A). Use the remove for Gaussian blur first and then use the Motion Blur removal.


B). Use the Motion blur option to correct the first blur and then repeat the steps to try to remove the second motion blur.


C). Use the Motion blur option and instead of finding the correct angle, try an angle that is in between both motion blurs.


D). Use the Motion blur option with double the settings for the radius and amount.

3). When you select the Advanced radio button in the Smart Sharpen dialog box, what 3 tabs will be displayed?


A). Midtones, Shadow, Highlight.


B). Smart Sharpen, Shadow, Highlight.


C). Sharpen, Shadow, Highlight.


D). Advanced, Shadow, Highlight.

4). What are you telling Photoshop to do, when you select the shadow option in the Smart Sharpen filter?


A). It tells Photoshop what dark areas you do NOT want to sharpen.


B). It tells Photoshop what light areas you do NOT want to sharpen.


C). It tells Photoshop what dark areas you want to sharpen more.


D). It tells Photoshop what light areas you want to sharpen more.

5). What is a Gaussian Blur?


A). It is when you see a streak for a blur.


B). It is when only a portion of the image is out of focus and happens always with digital cameras.


C). It is a hard blur over a portion of the image.


D). It is a softer blur over the whole image.

6). What happens when you shrink the image size?


A). The image size is reduced and the quality is reduced.


B). The image size is reduced and the quality is enhanced.


C). The image size is reduced and there is no quality difference.


D). The image size is reduced and the file size triples.

7). What is the Tonal Width do in the advanced section of the Smart Sharpen filter?


A). The Tonal Width measures the pixel size of the sharpness.


B). The Tonal Width controls which tonal values will sharpened and the size of the pixel will be increased.


C). The Tonal Width controls which tonal values will be affected by the reduction in sharpness.


D). The Tonal Width allows you to select a color slider bar and allows you to pick the starting and ending color.

8). What do you do to see the original (non-modified) image in the preview box of the Smart Sharpen filter?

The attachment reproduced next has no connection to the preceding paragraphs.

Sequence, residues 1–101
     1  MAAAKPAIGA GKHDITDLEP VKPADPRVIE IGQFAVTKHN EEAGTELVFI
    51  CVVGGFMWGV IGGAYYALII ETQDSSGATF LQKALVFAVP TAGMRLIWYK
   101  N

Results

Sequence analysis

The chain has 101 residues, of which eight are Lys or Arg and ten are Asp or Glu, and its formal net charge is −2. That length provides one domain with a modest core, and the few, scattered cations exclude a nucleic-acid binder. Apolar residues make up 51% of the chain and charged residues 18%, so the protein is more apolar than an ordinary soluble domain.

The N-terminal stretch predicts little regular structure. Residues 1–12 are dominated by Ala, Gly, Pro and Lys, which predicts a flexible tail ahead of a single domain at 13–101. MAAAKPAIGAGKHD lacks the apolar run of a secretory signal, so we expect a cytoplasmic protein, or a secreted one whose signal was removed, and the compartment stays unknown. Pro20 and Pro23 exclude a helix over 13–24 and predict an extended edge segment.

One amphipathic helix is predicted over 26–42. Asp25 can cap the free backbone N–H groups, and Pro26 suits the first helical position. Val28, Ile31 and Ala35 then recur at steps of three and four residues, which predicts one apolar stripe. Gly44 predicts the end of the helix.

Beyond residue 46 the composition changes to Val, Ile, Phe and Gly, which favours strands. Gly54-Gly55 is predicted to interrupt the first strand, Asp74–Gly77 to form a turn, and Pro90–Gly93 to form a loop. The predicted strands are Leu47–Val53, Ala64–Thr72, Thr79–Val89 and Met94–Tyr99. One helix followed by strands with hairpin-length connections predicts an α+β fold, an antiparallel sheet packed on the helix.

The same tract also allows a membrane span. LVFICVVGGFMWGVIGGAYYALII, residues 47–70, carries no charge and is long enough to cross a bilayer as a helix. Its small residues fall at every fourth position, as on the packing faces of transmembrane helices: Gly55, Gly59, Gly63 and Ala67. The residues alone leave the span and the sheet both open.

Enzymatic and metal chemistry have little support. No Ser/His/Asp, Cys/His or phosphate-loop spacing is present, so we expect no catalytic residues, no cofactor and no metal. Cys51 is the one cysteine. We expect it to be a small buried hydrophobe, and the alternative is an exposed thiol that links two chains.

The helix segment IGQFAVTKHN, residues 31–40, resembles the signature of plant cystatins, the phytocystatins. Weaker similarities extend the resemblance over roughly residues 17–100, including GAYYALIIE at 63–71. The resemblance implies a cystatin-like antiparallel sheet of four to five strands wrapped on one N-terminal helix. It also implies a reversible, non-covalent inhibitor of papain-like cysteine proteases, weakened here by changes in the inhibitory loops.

A). Left click the “Original” button.


B). You only can see the original by turning off the “Preview” option.


C). Drag the preview box to the “Comparison” button and it will show you a side by side comparison (original versus sharpened).


D). Hold down the Left mouse button in the preview box to see the original and release the Left mouse button when you want to see the sharpened preview.

9). What should you do if you do not know what type of blur it is?


A). In the Smart Sharpen filter, always try the remove Gaussian blur first.


B). In the Smart Sharpen filter, always try the remove Lens blur first.


C). In the Smart Sharpen filter, always try the remove Motion blur first.


D). In the Smart Sharpen filter, always use the “Auto” button and it will switch to the correct type of blur.

10). We recommended that to find a perfect setting, it is usually better to?


A). Start with lower settings and gradually increase the settings.


B). Always start with the radius setting very high, but the amount setting very low.


C). Always start with the amount setting very high, but the radius setting very low.


D). Start with all higher settings and gradually decrease the settings.


Answers: 1). D, 2). B, 3). C, 4). A, 5). D, 6). A, 7). C, 8). D, 9). B, 10). D




0 - 5 = Please review the video tutorial and re-read this document either offline (PDF) or online.

6 – 8 = We would recommend that you print this document off and read it at a later time.

9 – 10 = Congratulations you have passed the quiz. Go ahead and view another tutorial on our site.


We hope you enjoyed this detailed tutorial. Please visit us at: to expand your knowledge within Adobe Photoshop.


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1 comment:

  1. Well, of course, photoshop is a classic for any photo editions. But I prefer to move on, find new solutions and spend less time on editing and more time on photo shooting, you know. That is why I prefer to sharpen image with the easiest mac photo editor tool I've ever seen.